In the former Soviet Union in the 1980's they actually imprisoned evangelical pastors and forced them to take antipsychotic pills because these atheists did not believe in God and therefore the pastors were psychotic and delusional and needed psychotopic help.

The mental health systems in other countries have their strengths and weaknesses. The important thing is to know your system and then help the person(s) who has mental illness negotiate it. I have worked extensively as a mental health professional but I still find it difficult to get what I need from the system in the United States.

Insurance companies often try to deny services and can do this in in some very creative ways. I often hear complaints from those with depression, bipolar, etc. that their doctor or doctor's office staff can be very blunt and harsh with them and not even explain their actions. Pharmacists can be very helpful sometimes but some of them don't do anything to help either. In my own personal experience, the pharmacy techs are even worse. When the person is in an active episode of mental illness, you must be sure to help them with practically everything. Some need to have a ride to the doctor; some need help in setting up and obtaining important medications; many need for you to go in with them for their appointment and listen to what the doctor says to them and some need help from the very beginning in finding a good psychiatrist. The ways any sick person needs assistance vary of course, but mental illnesses can be so severe that the person has no volition, no strength, no will to even help himself.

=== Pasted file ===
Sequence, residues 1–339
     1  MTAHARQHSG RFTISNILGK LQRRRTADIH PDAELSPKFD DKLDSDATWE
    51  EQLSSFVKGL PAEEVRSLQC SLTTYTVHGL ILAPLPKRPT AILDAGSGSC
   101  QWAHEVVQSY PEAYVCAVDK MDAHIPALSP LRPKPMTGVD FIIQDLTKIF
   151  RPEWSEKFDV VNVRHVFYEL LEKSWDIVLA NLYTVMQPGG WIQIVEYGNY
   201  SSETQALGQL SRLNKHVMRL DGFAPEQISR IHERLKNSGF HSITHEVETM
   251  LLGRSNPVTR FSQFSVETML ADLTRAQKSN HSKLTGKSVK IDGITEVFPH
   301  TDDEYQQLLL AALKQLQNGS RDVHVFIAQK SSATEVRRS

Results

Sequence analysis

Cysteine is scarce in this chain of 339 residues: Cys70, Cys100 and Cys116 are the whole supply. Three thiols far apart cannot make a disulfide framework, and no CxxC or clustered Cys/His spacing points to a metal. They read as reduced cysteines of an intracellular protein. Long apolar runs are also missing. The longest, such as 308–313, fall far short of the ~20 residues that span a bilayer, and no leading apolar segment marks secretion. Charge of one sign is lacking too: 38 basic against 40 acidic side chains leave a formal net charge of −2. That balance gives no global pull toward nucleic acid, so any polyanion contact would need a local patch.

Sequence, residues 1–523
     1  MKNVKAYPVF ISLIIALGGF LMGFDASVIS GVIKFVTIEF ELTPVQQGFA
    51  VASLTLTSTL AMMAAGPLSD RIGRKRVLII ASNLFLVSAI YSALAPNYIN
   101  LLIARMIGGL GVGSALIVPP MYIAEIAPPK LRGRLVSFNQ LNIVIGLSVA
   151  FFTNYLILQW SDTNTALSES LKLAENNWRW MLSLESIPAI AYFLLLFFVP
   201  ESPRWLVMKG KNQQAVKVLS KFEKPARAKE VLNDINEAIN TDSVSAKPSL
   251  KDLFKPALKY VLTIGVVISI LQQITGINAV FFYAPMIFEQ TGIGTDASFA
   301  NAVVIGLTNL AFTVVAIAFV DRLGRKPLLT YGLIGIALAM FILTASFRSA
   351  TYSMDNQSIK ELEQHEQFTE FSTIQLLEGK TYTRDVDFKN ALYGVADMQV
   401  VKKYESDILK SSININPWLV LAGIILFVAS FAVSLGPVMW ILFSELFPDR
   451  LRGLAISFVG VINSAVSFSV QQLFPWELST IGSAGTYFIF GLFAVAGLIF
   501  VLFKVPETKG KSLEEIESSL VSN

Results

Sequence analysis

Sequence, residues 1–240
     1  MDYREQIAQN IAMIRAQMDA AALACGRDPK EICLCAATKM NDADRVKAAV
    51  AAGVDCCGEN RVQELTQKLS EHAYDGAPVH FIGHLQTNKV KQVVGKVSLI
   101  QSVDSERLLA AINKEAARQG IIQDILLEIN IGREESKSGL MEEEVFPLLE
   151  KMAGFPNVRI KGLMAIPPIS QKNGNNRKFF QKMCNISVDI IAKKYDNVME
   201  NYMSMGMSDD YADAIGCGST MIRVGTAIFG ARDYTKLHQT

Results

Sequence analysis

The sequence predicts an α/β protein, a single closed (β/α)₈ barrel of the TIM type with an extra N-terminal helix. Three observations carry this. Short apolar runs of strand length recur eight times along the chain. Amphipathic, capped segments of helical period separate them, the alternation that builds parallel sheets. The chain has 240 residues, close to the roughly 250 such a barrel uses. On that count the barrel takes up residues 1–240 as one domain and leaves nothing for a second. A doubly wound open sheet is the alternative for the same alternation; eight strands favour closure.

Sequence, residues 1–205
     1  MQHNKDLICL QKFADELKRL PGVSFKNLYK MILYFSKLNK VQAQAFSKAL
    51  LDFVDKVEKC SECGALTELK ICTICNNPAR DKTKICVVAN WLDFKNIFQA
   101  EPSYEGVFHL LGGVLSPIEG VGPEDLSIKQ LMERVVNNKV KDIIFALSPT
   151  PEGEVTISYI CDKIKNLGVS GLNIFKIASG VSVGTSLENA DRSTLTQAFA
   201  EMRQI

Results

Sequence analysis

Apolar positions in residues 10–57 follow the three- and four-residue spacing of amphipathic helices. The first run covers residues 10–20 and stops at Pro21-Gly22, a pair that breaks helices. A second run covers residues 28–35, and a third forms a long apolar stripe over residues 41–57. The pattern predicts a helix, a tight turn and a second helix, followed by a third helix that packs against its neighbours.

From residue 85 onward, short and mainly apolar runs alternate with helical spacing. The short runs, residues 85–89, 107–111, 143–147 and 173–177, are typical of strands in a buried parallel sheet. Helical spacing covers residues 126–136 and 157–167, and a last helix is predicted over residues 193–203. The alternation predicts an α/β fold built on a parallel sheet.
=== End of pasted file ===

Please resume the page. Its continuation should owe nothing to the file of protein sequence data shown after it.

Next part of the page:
Heartfelt Counseling Ministries has started a CAMI (Christians Afflicted with Mental Illness) program. We have support group material for those who have mental illness; we also have groups in churches and recently we have started an exciting online group. All you need is a laptop computer and you can attend a group online. We will be starting more online groups as needed in various time zones.


In future blogs, I will spend more time explaining how to become a CAMI member and what that will mean to you and to others. In the meantime, if you suspect someone is struggling with mental illness or if you know they are, please reach out in kindness and help in any of the ways we have discussed.
 Please see our web site  http://www.heartfeltmin.org